Beyond Grits and Gravy Maggie and Buck Coal Camps, Cabbage Rolls, and Community in Appalachia b y D o n na T o l l e y C o r r i h e r Sitting beside the springhouse at her home in Meadowview one day, Margaret saw Buck come walking over the hill, on his way to visit her father. Family lore insists it was the proverbial love at first sight for both of them. Within the year, they snuck across the state line, from Virginia to Tennessee, and married, lying about Maggie's age. She gave birth to their first child a little more than one year later. Maggie and Buck Spriggs with their son Preston, ca. 1925. All images courtesy of the author unless otherwise noted. Maggie and Buck Spriggs were the author's maternal grandparents. The tenacious couple lived and raised their family in McDowell County, West Virginia, during the years of the Great Depression. Their deep love and compassion for people of all ilk and races, a value they taught to their children, inspired the author to research her West Virginia coal mining family. Drawing from interviews with family members, personal experience, and scholarly research,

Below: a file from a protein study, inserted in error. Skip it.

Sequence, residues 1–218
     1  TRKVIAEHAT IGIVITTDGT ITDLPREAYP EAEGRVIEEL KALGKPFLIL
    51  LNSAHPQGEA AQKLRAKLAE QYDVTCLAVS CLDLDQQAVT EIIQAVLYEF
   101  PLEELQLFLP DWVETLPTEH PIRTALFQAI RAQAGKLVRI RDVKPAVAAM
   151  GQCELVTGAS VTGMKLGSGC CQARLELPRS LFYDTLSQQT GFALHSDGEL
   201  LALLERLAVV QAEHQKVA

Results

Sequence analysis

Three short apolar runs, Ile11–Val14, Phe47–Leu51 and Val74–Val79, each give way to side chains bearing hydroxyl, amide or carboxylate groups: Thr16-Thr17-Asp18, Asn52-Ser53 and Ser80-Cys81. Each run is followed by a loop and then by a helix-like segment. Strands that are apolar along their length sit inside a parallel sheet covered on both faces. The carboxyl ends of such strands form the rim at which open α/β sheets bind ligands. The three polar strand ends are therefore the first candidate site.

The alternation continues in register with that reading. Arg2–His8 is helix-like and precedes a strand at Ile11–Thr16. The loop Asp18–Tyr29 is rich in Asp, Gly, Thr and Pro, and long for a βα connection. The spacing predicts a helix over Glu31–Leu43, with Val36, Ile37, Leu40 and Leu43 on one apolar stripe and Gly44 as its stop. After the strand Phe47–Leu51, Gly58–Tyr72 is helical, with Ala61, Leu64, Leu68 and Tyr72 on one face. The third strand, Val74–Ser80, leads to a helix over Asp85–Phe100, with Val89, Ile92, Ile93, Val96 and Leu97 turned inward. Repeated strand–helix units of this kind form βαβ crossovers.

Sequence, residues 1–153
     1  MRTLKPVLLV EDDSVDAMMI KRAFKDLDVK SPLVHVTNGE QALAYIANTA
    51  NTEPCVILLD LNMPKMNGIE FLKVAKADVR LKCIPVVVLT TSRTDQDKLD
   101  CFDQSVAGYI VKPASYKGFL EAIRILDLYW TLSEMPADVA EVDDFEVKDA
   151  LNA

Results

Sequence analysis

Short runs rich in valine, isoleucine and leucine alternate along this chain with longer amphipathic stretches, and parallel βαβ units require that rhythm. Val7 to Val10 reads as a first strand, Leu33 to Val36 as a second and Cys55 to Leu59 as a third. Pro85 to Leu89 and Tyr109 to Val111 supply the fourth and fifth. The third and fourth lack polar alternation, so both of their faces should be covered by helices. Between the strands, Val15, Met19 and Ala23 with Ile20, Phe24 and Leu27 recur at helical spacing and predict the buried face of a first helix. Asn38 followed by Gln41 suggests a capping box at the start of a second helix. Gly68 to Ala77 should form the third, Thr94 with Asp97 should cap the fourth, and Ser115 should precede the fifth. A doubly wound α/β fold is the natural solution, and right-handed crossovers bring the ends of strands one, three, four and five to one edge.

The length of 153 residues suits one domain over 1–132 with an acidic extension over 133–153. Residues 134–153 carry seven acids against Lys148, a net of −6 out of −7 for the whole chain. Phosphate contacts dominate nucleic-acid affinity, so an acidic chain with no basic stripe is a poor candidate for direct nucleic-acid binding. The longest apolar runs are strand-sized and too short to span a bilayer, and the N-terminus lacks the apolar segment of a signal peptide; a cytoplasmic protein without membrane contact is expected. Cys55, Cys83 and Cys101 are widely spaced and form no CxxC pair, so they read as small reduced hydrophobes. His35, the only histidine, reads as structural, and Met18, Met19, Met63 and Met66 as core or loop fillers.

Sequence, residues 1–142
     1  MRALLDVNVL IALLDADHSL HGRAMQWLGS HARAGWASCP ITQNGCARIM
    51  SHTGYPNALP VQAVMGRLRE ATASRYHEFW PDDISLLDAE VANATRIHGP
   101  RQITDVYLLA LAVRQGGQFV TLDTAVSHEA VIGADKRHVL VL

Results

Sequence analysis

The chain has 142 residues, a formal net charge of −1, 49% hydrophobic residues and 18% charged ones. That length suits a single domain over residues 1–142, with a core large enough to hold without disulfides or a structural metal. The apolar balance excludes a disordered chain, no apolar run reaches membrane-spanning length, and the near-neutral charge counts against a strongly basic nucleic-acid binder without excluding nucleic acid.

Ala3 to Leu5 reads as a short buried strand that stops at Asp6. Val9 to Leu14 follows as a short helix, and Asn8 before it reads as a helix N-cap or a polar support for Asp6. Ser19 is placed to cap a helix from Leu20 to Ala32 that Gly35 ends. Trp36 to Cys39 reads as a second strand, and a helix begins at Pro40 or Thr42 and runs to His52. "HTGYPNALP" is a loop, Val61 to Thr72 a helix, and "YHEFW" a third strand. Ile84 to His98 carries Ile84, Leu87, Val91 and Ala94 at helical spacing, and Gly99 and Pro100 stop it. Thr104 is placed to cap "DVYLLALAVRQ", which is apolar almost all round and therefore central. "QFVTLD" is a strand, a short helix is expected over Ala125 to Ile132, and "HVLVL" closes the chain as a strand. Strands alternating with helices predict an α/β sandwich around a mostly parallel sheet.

Southern Cultures – University of North Carolina Press
Published: May 11, 2014
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